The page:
Didn't entirely succeed, but I didn't mind because my mind managed to wander away to something a lot nicer on the nerves, my girl back in the city. Not the girl who knew her coffee, though. Cute as she was, she couldn't compare to my gal Sal. I knew Sal was the girl for me from the first time we met, not long after I got into Dawson City and was getting the lay of the land. She was with the Mounties up here, special personnel for the detachment that got started up when the boom got going. Answered directly to that big shot, Sam Spade himself, and everybody's heard of him. Even down south. What they didn't know was that the RCMP brass stationed one of their ninja Mounties to back him up, and that's what my Sal was.
She was a special ninja for the Royal Canadian Mounted Police, sent there to help keep order in the Klondike. And I loved her to bits.
We got together right after I got to Dawson, actually. Part of Sal's job was to suss out any new arrivals, see if they were on the up and up, you know? Stuff like making sure they didn't have any guns, or were more interested in prospecting than settling grudges in what they figured was the wilderness where they'd get away with it. So she'd sneak into their rooms, spy on them, stuff like that.
Well, I manage to get a feel for her presence when she tried it on me. See, I'm from one of them back country towns, like you'd find all over Canada, and like most of them we had our ambitions to send ninjas to help out the Mounties or the Canadian Forces. Lots of honour for a town to have one of ours in the navy or whatever. Folks down in the States, they don't know about this stuff, but any town less than a thousand folks in Canada sure does. Even in Toronto they keep their mouths shut, because they know if they don't they'll get it shut for 'em.
Well, it was like that for me. All kid's stuff, playing hockey, working on farms in the summer and dreaming of becoming a real ninja. Never made it of course, which was why I ended up prospecting. Couldn't pull off stuff like vanishing or long steps or nothing like that. But I was a good hand with a shuriken and I could sense like crazy. Wasn't enough though, you needed the whole set of skills to pass the government tests so I ended up giving it up and went into 4-H instead.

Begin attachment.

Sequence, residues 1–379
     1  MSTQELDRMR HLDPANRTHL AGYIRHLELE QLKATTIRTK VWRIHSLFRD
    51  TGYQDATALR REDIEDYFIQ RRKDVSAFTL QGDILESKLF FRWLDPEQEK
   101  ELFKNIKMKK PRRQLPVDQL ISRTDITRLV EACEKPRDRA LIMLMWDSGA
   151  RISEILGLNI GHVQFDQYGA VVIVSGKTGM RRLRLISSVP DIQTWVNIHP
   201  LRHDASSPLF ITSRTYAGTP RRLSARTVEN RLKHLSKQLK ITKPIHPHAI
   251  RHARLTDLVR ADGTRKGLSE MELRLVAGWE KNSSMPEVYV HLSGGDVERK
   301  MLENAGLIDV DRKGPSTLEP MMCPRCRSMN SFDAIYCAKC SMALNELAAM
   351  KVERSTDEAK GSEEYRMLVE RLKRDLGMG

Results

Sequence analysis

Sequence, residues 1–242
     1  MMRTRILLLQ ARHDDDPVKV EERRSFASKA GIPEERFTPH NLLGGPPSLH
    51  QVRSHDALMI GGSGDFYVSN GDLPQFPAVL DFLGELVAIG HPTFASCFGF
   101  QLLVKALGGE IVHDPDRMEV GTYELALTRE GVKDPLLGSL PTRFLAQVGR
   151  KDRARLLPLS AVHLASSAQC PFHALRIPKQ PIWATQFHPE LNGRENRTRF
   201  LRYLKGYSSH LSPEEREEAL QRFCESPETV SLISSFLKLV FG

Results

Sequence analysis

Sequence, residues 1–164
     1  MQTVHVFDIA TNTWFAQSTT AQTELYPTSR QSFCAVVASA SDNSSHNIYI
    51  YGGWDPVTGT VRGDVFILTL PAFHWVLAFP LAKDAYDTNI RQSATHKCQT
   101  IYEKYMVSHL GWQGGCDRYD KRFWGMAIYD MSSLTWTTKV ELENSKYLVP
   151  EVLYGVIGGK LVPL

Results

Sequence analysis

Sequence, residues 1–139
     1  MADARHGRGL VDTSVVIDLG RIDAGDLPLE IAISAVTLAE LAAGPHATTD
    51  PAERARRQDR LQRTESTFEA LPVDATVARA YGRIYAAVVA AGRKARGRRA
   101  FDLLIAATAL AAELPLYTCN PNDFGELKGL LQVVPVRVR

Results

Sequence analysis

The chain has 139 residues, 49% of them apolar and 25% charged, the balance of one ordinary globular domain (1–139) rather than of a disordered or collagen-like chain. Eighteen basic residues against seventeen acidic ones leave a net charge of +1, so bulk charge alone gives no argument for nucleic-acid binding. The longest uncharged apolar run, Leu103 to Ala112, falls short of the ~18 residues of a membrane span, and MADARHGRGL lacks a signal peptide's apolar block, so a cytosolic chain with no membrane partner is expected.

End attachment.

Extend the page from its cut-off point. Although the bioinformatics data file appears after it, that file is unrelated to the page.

Ain't nobody ever snuck up on me since though.
Well, Sal was pretty shocked 'til I told her all that, and she got all smiles. Damn, her smile was like gold and then some. Even better than the coffee stream (which reminded me to take another swig - damn that's good). And I smiled back and we spent the whole rest of the night talking about how she got there, and how she came from some little place on the east coast while I grew up just south of Hudson's Bay, and all the foolish Americans who came up and suddenly found that their guns wouldn't work or their bullets were missing or something and then Spade would just shake his head and confiscate the weapons that weren't any good anyhow.
From then on, every time I came into town while I was searching for a good claim, Sal appeared in my room. To be honest, it made me not want to go back out into the wilds, but she had a job to do and I had a fortune to make. Just one of those little tradeoffs you gotta make now and again in your life. But in the end, somehow the two of us fell in love.
I sighed. Sal was the reason I was so happy to find this claim. Once I got enough out of here and squirrelled away enough of a nest egg, I was planning to cut the place loose, sell the claim and get back to her for good. Not that I'd take her away from her job, she obviously loved it. But maybe I'd settle in somewhere near Dawson, doing something that didn't require climbing a half-mile into the dirt.
Well, it was a nice thought anyway. Avalanches and cave-ins had a way of getting in the way of a girl's dreams. But at least by now I felt a bit calmer and more able to reason my way through this.
Fact is, I definitely couldn't go out the way I came in. Even if I could dig that far on my own, it was unstable and likely to give way even further. Fortunately, the part of the cavern with the stream was far enough away and seemed pretty sound, so it was a bit of a haven. One reason I'd placed some permanent lights around and thank goodness I did. I learned the trick of them when I was about 13, away at a ninja camp with some kids from the local communities. Useful skill to learn, and definitely the sort of thing you didn't tell the Americans about. Sure it's an unfair advantage when you're mining, but you gotta take advantage where you can.
So the only way out seemed to be through. Like I said, my mine started out as a series of natural tunnels, which I hadn't fully explored before I found what I was looking for in them. So there was always a chance that there may be another way out if I looked hard enough. A slim hope, but at least it was a hope.